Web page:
NHS websites say patients feel a mismatch between their biological sex and their gender identity. It is a recognised condition, not a mental illness, but patients nevertheless have to be assessed by two mental health professionals before they start treatment.
Anne, 44, from Perth, has had her first appointment after waiting almost a year to see a specialist in Glasgow.
She says: "The person I lived as for most of my life was all an act. The real person was within but I had to suppress that because I was ashamed."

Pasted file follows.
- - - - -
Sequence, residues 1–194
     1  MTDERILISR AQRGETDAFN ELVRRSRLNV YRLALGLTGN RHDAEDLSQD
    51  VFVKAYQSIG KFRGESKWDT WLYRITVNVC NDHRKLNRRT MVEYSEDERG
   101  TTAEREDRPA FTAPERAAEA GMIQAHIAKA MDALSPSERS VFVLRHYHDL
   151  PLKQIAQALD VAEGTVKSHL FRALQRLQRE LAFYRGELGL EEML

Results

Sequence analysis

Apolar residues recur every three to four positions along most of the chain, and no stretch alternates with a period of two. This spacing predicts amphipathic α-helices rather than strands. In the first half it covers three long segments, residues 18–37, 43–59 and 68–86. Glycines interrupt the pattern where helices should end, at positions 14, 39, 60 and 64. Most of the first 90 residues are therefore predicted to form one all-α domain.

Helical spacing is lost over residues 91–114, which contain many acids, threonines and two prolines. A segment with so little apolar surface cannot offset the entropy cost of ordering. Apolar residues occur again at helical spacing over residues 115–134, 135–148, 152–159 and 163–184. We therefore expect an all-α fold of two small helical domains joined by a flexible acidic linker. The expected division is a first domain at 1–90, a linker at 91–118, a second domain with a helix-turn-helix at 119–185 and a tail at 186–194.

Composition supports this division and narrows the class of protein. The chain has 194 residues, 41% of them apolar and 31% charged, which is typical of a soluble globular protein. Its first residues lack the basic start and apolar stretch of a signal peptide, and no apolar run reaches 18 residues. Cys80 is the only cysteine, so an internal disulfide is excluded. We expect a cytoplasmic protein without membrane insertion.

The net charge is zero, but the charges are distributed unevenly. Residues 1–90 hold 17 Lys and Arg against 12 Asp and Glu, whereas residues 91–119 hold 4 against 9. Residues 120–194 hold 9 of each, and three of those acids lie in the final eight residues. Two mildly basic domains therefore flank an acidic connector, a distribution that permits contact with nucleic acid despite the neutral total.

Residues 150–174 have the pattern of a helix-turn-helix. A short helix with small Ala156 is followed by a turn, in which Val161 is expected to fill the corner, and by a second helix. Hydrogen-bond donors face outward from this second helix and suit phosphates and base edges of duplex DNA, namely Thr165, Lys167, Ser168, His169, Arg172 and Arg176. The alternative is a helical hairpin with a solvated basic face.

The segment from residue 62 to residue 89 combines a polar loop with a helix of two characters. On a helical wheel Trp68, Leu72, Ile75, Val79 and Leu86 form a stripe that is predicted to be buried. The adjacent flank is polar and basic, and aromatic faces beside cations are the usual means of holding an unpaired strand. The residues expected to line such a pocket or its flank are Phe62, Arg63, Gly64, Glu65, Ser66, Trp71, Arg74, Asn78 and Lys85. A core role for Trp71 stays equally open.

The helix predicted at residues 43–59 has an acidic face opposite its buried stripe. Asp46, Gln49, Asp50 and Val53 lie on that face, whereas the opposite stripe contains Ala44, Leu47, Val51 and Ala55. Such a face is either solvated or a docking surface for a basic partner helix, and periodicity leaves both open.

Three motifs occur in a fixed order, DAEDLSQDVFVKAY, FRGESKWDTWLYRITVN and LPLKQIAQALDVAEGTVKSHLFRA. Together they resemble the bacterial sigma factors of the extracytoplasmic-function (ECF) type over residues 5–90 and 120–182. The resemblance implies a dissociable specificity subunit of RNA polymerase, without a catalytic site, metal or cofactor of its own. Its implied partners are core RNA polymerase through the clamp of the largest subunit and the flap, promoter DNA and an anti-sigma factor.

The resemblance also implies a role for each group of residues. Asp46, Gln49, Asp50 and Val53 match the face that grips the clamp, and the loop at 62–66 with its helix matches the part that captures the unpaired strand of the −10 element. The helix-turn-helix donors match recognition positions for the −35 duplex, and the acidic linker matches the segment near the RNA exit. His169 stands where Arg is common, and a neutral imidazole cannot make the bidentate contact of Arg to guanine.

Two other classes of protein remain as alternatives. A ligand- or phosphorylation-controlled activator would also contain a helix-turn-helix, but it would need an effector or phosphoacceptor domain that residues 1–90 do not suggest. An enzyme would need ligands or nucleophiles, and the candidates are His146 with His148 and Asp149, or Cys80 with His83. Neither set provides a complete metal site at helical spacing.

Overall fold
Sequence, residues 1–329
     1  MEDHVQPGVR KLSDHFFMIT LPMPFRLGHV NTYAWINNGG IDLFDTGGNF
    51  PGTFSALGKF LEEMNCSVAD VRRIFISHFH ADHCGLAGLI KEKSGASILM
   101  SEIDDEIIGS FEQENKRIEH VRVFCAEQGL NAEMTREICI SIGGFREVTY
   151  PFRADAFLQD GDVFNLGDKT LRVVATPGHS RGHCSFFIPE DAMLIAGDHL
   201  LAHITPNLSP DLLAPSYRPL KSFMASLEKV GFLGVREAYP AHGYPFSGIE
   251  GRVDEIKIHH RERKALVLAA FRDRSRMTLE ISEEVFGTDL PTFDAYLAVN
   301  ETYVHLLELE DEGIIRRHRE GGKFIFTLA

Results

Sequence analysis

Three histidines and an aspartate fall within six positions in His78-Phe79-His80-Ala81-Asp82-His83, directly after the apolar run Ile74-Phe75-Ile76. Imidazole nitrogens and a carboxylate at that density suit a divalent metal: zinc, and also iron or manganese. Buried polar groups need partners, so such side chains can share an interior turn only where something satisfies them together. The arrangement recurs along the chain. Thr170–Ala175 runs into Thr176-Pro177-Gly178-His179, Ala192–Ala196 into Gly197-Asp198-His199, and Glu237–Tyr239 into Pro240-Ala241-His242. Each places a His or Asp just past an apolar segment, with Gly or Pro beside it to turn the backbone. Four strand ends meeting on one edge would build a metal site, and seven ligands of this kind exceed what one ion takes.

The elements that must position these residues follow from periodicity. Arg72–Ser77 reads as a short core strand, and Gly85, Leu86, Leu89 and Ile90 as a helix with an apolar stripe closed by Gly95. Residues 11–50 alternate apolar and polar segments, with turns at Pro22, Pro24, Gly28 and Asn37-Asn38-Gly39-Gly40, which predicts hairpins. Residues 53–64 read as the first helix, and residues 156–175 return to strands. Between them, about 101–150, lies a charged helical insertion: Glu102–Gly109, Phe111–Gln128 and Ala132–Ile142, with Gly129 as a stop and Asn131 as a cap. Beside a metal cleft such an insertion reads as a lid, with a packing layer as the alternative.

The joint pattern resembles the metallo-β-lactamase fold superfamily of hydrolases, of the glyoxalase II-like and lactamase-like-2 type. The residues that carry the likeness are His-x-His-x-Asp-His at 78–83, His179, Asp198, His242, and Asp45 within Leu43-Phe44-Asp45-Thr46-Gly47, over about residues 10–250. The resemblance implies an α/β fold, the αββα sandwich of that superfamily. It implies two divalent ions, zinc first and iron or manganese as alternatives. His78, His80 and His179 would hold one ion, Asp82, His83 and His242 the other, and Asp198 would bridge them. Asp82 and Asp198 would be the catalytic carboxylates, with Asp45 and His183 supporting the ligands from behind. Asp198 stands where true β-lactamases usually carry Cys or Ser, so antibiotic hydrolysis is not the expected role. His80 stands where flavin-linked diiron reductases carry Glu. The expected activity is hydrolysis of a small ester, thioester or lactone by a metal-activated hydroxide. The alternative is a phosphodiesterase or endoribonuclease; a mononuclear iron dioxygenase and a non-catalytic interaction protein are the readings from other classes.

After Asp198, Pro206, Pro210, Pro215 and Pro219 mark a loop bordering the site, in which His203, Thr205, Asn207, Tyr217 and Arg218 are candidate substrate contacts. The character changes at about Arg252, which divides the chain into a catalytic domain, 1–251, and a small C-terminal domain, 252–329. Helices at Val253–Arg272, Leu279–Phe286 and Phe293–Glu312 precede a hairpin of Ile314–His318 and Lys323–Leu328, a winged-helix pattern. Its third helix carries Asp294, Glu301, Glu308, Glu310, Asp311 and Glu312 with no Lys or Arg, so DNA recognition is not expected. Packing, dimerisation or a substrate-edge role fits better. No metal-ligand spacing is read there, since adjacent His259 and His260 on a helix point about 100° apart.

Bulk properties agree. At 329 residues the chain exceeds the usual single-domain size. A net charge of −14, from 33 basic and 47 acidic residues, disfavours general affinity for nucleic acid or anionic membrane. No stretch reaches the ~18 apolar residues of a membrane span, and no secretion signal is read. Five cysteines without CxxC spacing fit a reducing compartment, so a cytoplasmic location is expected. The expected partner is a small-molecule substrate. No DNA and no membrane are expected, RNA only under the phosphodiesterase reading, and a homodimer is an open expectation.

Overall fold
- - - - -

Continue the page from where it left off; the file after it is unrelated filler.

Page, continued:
She has found trying to live as Anne while waiting for treatment stressful. As a bus driver she has had to endure comments from passengers.
She says: "I have got to wear such thick make-up to hide the beard shadow it is a joke sometimes. I am signed off work now because of depression."
Anne hopes the new guidelines issued to health boards will ensure there are no unnecessary delays to a sex-change operation. She says: "It will mean everything because then my body will match my brain."